Jun 14, 2006

Syed Hamid denies sand rumours

Extracted from Sun2Surf
PUTRAJAYA: Foreign Minister Datuk Seri Syed Hamid Albar today (July 13, 2006) denied rumours that he and his family have any interest in the sale of sand to Singapore.

"I have never in my life depended on whatever interest in any companies, whether sand or anything else," he said when asked to comment on rumours, especially on the Internet, that he and his family have interests in the comapny that sells sand to Singapore.

"I don't live my life with sand and I hope people will not put sand in my life," he quipped.

Asked again whether the rumour was true, Syed Hamid said : "Why (do) you (reporters) react to rumours? Anything can go on the Internet, but I think we must realise that in the main stream media you must have the facts to prove.

"I would love to have lots of money but I must make sure it is legitimate," he said, adding that whatever money he makes is legitimate and "does not involve anything illegal or corrupt, so that I can live peacefully".

He was spoke to reporters after receiving a cheque for RM1.7 million from the Information Ministry for the earthquake victims in Yogyakrata. The cheque was presented by Deputy Information Minister Datuk Ahmad Zahid Hamidi.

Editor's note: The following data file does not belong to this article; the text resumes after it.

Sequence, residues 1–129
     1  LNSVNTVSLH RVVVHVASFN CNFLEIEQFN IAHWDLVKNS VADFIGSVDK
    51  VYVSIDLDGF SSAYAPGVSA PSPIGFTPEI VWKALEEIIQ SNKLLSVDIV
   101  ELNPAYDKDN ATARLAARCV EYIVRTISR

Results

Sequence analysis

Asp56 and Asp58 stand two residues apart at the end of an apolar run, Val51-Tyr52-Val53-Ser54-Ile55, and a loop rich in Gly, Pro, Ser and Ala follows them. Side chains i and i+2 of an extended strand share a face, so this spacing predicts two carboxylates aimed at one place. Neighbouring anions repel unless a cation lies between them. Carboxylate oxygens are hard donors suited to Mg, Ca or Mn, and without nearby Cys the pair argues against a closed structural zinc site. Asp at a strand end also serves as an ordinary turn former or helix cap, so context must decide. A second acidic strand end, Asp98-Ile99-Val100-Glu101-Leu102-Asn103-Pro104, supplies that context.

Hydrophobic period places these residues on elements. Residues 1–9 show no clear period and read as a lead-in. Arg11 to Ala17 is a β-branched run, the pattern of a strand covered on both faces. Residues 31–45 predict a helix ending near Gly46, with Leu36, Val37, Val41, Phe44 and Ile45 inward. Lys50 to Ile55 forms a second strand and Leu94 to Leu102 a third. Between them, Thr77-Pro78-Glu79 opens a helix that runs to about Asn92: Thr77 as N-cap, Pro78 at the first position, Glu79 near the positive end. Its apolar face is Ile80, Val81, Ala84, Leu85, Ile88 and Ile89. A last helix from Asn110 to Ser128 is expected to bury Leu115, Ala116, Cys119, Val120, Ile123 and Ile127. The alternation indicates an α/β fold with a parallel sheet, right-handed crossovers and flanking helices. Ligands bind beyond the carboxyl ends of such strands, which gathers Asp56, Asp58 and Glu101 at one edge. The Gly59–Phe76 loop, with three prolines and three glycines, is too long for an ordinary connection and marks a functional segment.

Recently, former prime minister Tun Dr Mahathir Mohamad had questioned why the government scrapped the construction of a proposed bridge to link Johor to Singapore.

The government answered saying the decision was made based on the wishes of the people, especially Johoreans, who are against sand being sold to Singapore or to allow the republic to use Malaysian air space.

Mahathir, however, countered that these isses had never been raised during bilateral discussions with Singapore.

As to whether the cabinet at its weekly meeting yesterday(July 12, 2006) discussed declassifying the documents concerning Malaysia and Singapore's talks on the scenic bridge, Syed Hamid said when the time comes, a press conference will be held.

"We hope to be consistent in our open policy of disclosing what we need to disclose all those things that are relevant, without compromising government and national interest or our security, for the ability of government to function."

He said the government would explain the actual situation and it is up to the people to make the decision, on what is right and wrong

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